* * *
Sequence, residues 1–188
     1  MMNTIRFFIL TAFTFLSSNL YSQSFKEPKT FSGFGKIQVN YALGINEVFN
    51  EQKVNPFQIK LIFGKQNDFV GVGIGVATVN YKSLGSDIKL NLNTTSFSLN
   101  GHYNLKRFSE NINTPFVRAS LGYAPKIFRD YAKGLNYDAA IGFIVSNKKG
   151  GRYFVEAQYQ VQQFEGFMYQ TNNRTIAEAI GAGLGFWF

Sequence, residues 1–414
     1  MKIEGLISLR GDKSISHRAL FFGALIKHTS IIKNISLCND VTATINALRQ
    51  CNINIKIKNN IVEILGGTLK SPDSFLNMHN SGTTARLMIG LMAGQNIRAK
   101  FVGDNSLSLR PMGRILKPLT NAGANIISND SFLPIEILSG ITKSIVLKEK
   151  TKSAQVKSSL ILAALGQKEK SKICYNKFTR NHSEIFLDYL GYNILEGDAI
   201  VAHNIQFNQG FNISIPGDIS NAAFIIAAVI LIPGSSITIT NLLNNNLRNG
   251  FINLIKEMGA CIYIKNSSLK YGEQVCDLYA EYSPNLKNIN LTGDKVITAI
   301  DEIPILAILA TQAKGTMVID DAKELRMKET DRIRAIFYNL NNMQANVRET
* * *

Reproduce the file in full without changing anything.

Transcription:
Sequence, residues 1–188
     1  MMNTIRFFIL TAFTFLSSNL YSQSFKEPKT FSGFGKIQVN YALGINEVFN
    51  EQKVNPFQIK LIFGKQNDFV GVGIGVATVN YKSLGSDIKL NLNTTSFSLN
   101  GHYNLKRFSE NINTPFVRAS LGYAPKIFRD YAKGLNYDAA IGFIVSNKKG
   151  GRYFVEAQYQ VQQFEGFMYQ TNNRTIAEAI GAGLGFWF

Sequence, residues 1–414
     1  MKIEGLISLR GDKSISHRAL FFGALIKHTS IIKNISLCND VTATINALRQ
    51  CNINIKIKNN IVEILGGTLK SPDSFLNMHN SGTTARLMIG LMAGQNIRAK
   101  FVGDNSLSLR PMGRILKPLT NAGANIISND SFLPIEILSG ITKSIVLKEK
   151  TKSAQVKSSL ILAALGQKEK SKICYNKFTR NHSEIFLDYL GYNILEGDAI
   201  VAHNIQFNQG FNISIPGDIS NAAFIIAAVI LIPGSSITIT NLLNNNLRNG
   251  FINLIKEMGA CIYIKNSSLK YGEQVCDLYA EYSPNLKNIN LTGDKVITAI
   301  DEIPILAILA TQAKGTMVID DAKELRMKET DRIRAIFYNL NNMQANVRET